It is so funny when we chatted with a fellow myeloma patient, 85 year old, at the clinic yesterday. Recently diagnosed less than a year, he is still getting used to the effects of peripheral neuropathy, blur vision and insomnia. He was describing his dex highs as days when he feels like Albert Einstein! His voice resonates with power and he thinks simultaneously several issues. I told him I know how he feels and he is very glad that he is not alone on this strange emotional roller coaster. And of course, he experiences the unpleasantness of the adrenaline drop. He is still in a wheel-chair, he cannot walk for long, the neuropathy is affecting his feet too much. I advised him to inform his doctor. We hope to visit him in the coming week or two and to cheer him up.

flowers to dinner

We were happy to receive an invitation to dinner from a fellow mm-er. We brought along this bouquet of flowers. It is not often that we meet but this friendship that grew from our common malady has blossomed in a special way. TJ is almost 9 years and had several serious relapses and each time he recovered well enough to do what he feels passionate about. He may soon have to start treatment again and not looking forward to it (who would.)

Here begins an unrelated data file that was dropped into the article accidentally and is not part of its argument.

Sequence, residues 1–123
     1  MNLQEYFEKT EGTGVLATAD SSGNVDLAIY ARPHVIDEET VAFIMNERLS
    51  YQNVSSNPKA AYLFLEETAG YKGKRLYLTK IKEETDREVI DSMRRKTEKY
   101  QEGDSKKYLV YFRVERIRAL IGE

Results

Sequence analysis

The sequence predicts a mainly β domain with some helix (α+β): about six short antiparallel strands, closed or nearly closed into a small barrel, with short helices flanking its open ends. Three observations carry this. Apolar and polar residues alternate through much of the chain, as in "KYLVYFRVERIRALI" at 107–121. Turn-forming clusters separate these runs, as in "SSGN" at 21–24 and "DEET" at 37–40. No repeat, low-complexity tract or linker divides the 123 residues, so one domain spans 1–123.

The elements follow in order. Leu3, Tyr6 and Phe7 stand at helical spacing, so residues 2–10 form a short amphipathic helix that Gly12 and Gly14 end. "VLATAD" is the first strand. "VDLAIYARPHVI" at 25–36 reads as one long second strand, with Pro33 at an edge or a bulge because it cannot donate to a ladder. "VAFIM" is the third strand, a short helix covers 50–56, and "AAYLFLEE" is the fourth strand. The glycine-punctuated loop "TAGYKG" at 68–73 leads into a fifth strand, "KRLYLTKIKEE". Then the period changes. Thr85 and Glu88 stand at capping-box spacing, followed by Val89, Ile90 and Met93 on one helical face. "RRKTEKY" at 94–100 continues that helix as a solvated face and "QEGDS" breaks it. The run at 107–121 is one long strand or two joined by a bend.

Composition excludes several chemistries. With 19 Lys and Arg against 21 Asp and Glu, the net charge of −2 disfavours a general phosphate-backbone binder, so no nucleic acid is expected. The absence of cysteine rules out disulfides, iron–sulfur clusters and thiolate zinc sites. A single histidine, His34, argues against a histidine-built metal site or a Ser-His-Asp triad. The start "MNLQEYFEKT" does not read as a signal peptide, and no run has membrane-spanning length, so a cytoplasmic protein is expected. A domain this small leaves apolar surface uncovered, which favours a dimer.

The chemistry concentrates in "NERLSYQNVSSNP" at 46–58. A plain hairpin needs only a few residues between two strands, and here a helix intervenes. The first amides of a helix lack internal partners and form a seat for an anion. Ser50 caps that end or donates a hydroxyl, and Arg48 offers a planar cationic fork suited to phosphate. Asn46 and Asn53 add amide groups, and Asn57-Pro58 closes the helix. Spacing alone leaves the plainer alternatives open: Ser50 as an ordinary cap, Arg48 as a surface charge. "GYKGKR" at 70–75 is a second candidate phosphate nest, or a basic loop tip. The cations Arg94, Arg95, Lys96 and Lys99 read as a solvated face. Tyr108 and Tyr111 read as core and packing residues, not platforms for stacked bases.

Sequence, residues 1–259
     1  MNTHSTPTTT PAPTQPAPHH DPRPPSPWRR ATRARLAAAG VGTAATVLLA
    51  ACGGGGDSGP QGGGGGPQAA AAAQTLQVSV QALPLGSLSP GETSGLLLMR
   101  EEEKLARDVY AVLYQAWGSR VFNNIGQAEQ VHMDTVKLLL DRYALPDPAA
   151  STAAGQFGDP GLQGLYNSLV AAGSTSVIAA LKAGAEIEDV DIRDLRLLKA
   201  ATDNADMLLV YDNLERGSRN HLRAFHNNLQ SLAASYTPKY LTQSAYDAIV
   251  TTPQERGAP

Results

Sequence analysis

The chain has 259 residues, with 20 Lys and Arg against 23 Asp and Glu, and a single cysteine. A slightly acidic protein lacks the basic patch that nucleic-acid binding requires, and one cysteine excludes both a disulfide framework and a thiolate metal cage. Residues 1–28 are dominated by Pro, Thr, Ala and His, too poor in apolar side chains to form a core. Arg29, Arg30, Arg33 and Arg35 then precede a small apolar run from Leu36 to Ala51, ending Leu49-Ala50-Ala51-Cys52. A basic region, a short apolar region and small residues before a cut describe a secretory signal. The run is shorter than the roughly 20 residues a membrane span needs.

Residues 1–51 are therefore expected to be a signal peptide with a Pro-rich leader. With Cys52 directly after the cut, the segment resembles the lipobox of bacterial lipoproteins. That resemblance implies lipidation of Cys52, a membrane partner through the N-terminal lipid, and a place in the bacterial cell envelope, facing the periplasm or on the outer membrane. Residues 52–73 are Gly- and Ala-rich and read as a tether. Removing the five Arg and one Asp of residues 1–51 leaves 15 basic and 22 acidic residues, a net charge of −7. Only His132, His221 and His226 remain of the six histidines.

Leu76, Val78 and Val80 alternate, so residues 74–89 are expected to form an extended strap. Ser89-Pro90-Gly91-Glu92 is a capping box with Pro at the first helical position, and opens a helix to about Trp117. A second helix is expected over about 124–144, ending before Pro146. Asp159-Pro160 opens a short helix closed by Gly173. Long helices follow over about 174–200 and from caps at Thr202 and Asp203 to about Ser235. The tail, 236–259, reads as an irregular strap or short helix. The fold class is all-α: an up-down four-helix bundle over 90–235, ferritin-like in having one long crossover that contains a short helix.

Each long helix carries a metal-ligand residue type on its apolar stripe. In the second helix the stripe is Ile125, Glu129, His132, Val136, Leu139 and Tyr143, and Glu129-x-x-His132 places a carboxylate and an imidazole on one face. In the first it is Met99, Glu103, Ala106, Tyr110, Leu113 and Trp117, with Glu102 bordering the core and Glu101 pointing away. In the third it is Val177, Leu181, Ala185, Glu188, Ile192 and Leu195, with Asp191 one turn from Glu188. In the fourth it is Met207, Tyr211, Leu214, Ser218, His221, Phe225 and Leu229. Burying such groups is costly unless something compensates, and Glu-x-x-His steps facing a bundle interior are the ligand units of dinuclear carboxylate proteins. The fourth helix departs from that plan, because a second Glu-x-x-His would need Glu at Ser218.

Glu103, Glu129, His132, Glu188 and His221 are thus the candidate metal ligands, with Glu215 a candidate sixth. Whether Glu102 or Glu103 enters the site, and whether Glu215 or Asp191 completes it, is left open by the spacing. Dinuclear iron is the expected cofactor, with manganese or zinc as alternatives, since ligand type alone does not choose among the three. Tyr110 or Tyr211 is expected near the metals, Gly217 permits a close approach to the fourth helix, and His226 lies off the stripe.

Of course we talked about the medication his doctor is recommending for him and as it worked before it may again help to bring the numbers down. But he also recalled that he came down with pneumonia soon after. The combination of med brought down his immunity and landed him in ICU. This time his doctor assured him of lower dosage and cautioned him not to be out in crowded places during treatment.
However the interesting part of the night’s conversation was really on his passions. He spends his time and resources on buying parcels of land in Philippines, Myanmar and Nepal. As a trained architect, he provides the technical expertise to build churches on the land. I am really amazed at his generosity and his desire to travel to these under-developed countries. He kept saying how he wish the doctor could delay the treatment and he would want to visit these countries overseeing some on-going projects and meet the workers there. His wife interjected and reminded him that he needs to get his priorities right, start treatment, get better and there will be another day to travel.
I really hope and pray that his treatment will get the myeloma under control and his acts of love can continue to bless many.

friends…gone